Winter storm in Texas: At least 10 deaths linked to statewide disaster
Here’s what you need to know:
- At least 10 deaths linked to winter storm
- The number of outages remains high. But the state’s power grid operator says some customers should have power restored this afternoon.
- Natural gas provider for Austin, El Paso, the Rio Grande Valley and elsewhere warns of potential shortage.
- House Speaker Dade Phelan has asked House committees to review statewide blackouts.
- There are resources to help in many of the state’s biggest cities.
10 deaths linked to winter storm
[12:27 p.m.] At least 10 people have died in weather-related incidents across the Houston area, the Houston Chronicle reported earlier today.
At least one of those incidents was related to a motor vehicle accident, while others were tied to extremely cold weather brought by a massive winter storm, fires and suspected carbon monoxide poisoning, according to authorities in the area.
Authorities also found two dead people who were homeless, and suspected the cause of death to be exposure to the cold temperatures, though autopsies will confirm the official causes of death. — Cassi Pollock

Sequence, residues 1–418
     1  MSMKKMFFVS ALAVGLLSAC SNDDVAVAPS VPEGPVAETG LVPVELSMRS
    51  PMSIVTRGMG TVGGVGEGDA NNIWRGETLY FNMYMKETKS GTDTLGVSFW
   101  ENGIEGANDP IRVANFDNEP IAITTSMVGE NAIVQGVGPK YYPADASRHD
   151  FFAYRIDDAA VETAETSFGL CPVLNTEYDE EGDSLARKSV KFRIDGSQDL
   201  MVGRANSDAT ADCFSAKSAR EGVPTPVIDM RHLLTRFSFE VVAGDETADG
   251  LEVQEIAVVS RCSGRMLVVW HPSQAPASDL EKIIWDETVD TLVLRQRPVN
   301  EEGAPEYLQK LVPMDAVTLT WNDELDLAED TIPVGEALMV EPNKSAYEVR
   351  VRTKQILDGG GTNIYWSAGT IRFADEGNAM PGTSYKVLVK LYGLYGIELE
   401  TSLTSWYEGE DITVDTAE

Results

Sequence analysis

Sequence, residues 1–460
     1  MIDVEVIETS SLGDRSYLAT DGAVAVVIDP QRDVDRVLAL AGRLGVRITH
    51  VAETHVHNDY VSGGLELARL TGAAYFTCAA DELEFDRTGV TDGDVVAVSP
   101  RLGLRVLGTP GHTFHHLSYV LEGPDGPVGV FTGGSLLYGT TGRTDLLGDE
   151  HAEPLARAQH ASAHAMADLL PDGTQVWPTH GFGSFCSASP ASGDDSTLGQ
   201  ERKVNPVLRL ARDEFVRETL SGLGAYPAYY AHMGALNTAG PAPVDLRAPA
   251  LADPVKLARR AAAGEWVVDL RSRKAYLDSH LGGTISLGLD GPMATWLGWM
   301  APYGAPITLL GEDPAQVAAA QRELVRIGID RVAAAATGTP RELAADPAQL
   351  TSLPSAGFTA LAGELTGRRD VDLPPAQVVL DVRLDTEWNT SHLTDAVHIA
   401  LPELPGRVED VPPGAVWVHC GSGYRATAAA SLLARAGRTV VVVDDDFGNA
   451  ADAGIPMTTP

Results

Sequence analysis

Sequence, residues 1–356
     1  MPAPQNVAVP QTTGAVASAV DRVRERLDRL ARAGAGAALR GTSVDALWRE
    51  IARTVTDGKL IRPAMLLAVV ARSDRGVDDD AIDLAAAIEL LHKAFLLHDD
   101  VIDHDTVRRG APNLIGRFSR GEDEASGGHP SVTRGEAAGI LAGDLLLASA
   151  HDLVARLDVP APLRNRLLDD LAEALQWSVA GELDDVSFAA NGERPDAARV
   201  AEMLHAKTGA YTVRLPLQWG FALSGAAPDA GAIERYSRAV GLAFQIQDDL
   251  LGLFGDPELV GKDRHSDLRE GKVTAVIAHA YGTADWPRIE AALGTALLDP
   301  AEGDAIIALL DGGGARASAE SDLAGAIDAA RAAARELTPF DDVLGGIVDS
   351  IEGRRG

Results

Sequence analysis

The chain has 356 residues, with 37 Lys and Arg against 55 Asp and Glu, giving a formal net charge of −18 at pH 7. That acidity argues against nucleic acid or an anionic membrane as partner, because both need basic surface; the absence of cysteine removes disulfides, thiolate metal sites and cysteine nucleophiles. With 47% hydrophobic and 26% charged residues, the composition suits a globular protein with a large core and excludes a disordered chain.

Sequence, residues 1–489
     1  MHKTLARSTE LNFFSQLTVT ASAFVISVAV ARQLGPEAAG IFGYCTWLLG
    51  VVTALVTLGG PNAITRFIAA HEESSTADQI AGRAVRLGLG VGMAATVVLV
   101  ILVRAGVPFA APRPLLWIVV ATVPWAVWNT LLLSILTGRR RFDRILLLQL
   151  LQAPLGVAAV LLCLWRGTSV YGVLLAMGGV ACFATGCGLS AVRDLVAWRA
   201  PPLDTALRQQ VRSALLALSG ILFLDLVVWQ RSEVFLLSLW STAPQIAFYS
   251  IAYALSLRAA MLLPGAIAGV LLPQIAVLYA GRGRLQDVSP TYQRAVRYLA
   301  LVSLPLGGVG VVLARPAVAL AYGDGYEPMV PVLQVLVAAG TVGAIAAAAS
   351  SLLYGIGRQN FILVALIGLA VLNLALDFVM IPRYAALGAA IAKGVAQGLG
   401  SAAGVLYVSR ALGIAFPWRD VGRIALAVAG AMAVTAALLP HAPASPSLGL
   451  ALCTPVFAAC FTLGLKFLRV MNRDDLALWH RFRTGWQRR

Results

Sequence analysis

Abbott declares ERCOT reform an emergency legislative item
[12:35 p.m.] Gov. Greg Abbott on Tuesday declared the reform of the Electric Reliability Council of Texas an emergency item this legislative session, which means lawmakers can vote on bills related to the topic within the first 60 days of the session. The announcement comes as millions of Texans are without power as a massive winter storm in the state drives up demand for electricity.
“The Electric Reliability Council of Texas has been anything but reliable over the past 48 hours,” Abbott said in a statement. “Far too many Texans are without power and heat for their homes as our state faces freezing temperatures and severe winter weather. This is unacceptable.”